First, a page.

I was reviewing blog posts with the highest hit count and to my surprise this post is still receiving more than 10 hits per day on average… In many ways I though this article would have lost it’s relevance given that pretty much every CPU shipped in the last 4+ years supports virtualization but I guess not. So I wanted to provide a few key updates…
The AMD tool has been moved to http://support.amd.com/us/Pages/dynamicDetails.aspx?ListID=c5cd2c08-1432-4756-aafa-4d9dc646342f&ItemID=177
The Intel tool remains at the same location – it continues to be updated to support the latest processors but looks and functions just the same as it did back in 2008. It does now report VT-x (SLAT/Extended Page Table) support as well as the Intel encryption instructions.
There are many many blog posts by different people on this but I still get the questions pretty often – “Will my <Random Computer Manufacture> <Random Computer Model> run Hyper-V?” Hyper-V requires processor virtualization extensions (Intel-VT and AMD-V) and requires those features to be enabled along with the No-Execute (NX) feature. For AMD we also require that the CPU be revision F3 or grater or F2 with additional BIOS support – most of the server OEM’s have the additional BIOS support but not all. Ok so the question still remains will my computer run Hyper-V? There are a few tools that will help you.
For AMD you can download there AMD Virtualization™ Technology and Microsoft® Hyper-V™ System Compatibility Check Utility when you run this it will tell you if your machine supports Hyper-V… If you are buying a new machine a good rule of thumb is that if it’s a Quad core the CPU supports AMD-V, you still need to verify the BIOS will allow you to enable it but a quick call to the vendor should tell you that.
For Intel you download there Intel® Processor Identification Utility There are two things that you should check on the CPU Technologies tab look for "Intel® Virtualization Technology” and on the CPUID tab look for “Execute Disable Bit”, however I am not aware of any Virtualization enabled chips that don’t have execute disable… If you are buying a new machine a good rule of thumb is that if it’s a Intel Core2 or better the CPU supports Intel VT, you still need to verify the BIOS will allow you to enable it but a quick call to the vendor should tell you that.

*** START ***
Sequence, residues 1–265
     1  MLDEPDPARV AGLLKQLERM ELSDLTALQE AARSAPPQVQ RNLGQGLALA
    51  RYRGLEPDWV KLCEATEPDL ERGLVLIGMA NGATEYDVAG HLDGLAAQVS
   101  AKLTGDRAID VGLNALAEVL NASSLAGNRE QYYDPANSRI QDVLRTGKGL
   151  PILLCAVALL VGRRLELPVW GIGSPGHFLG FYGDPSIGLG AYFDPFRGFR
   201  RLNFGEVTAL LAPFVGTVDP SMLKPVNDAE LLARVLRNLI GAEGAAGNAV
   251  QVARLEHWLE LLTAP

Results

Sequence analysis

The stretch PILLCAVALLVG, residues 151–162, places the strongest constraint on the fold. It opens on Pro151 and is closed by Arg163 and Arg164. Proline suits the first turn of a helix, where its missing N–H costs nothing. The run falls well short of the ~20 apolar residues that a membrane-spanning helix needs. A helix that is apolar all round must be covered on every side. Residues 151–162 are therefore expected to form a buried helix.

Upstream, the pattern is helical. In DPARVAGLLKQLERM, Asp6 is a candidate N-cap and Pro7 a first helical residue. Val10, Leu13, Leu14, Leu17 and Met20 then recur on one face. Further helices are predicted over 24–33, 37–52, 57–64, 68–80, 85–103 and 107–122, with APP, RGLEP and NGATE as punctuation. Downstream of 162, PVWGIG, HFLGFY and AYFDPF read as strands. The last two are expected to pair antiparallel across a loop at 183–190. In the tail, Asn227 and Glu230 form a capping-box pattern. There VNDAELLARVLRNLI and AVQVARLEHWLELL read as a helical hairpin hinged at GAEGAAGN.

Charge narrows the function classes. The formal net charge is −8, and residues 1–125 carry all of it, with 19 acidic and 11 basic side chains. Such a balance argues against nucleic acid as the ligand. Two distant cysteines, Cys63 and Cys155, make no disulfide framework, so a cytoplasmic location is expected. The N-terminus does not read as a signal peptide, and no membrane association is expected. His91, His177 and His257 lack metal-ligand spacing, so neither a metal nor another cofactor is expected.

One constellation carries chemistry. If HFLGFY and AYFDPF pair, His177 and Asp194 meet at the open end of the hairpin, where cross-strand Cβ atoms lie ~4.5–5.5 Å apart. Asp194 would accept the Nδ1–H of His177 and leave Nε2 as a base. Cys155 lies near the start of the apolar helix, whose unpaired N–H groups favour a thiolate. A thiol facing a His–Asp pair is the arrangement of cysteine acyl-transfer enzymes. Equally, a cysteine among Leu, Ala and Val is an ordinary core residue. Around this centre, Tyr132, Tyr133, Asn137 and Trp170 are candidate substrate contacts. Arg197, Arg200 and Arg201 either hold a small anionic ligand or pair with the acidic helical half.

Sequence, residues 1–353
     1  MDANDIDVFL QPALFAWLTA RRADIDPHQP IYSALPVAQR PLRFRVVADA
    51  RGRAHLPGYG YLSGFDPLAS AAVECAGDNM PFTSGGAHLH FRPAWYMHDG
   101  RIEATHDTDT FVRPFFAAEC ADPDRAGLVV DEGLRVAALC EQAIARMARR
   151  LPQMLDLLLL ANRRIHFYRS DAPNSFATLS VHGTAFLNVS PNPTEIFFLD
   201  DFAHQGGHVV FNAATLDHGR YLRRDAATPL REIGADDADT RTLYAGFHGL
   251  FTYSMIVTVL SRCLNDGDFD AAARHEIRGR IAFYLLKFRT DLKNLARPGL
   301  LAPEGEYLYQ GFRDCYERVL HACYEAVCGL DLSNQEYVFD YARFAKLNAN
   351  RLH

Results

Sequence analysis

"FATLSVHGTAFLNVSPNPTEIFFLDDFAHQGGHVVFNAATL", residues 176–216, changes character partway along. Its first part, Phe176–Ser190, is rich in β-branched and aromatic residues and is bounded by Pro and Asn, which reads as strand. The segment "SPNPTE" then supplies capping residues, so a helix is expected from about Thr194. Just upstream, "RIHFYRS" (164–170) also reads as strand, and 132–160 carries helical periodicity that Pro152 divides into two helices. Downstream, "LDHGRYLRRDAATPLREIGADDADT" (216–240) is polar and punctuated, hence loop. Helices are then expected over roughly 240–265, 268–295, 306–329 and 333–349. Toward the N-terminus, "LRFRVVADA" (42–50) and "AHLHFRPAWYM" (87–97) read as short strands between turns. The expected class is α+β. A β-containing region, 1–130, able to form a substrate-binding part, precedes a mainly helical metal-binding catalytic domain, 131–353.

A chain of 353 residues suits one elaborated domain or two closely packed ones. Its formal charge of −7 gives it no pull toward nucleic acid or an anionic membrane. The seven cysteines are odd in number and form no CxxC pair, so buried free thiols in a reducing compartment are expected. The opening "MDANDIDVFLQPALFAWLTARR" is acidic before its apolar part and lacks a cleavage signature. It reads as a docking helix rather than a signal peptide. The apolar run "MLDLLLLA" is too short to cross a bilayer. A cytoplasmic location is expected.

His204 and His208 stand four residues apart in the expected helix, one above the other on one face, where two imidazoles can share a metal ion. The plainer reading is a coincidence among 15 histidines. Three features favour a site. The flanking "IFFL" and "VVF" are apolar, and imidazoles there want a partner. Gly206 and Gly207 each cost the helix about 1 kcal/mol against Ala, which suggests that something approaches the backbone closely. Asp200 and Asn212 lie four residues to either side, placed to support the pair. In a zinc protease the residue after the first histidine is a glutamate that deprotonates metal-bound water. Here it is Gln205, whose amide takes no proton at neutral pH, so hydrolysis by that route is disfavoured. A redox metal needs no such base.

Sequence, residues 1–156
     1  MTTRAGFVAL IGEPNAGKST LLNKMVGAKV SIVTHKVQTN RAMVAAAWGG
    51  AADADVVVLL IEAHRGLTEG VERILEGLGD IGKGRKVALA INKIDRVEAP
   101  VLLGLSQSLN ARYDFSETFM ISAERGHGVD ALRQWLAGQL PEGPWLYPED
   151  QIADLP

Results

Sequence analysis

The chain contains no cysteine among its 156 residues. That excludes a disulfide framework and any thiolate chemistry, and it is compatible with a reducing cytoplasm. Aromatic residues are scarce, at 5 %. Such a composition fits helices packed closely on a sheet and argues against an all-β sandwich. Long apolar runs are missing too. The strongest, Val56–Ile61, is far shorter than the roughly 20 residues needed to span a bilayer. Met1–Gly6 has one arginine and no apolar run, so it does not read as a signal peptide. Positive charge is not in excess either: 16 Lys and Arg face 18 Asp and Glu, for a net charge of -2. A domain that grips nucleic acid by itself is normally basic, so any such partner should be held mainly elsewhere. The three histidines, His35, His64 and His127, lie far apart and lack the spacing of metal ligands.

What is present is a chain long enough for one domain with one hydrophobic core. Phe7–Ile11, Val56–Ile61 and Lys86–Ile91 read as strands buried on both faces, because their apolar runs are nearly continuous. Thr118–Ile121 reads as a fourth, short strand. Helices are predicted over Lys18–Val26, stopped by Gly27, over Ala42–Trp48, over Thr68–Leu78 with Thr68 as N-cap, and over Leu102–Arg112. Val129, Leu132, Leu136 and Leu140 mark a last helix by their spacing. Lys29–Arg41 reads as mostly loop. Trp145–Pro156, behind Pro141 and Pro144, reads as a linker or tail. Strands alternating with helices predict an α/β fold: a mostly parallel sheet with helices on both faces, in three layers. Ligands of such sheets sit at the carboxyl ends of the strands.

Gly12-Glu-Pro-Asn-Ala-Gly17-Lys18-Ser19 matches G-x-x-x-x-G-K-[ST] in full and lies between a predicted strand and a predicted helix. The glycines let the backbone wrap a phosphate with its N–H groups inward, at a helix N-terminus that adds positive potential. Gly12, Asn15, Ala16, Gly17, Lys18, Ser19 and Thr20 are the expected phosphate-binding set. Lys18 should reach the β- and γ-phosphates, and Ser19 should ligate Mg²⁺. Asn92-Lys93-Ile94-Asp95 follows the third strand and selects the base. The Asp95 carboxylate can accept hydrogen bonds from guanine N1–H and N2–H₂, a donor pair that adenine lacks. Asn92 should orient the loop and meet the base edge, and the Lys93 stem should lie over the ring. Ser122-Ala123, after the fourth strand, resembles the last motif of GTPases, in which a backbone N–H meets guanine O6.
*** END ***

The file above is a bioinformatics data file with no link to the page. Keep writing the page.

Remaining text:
Previously I had referenced Intel’s WinTestCPUID. thanks to “MSC” who commented with this much better tool!
Enabling VT and AMD-V In System BIOS
Both platforms have BIOS options to disable and enable virtualiztion extensions. Most systems will ship with the extensions disabled to help prevent hyper-virus’s (think of the worst root kit possible). In any case you will need to enable the extensions every vendor has there own idea of where to but the option in the BISO so you might have to look around a bit. I have seen them in security, processor features, system options, advanced options, advanced CPU options… Just look for Virtualization/VT/EM64T/AMD-V/SVM, also some vendors do a nice double negative so the option will be something like AMD-V Extension Disable with a value of Yes – yes they are disabled… After you enable the virtualization extensions you need to do a hard reboot, i.e. power the system all the way off and back on – just make sure you actually save your BIOS settings first.
Hyper-V Integration Test Lead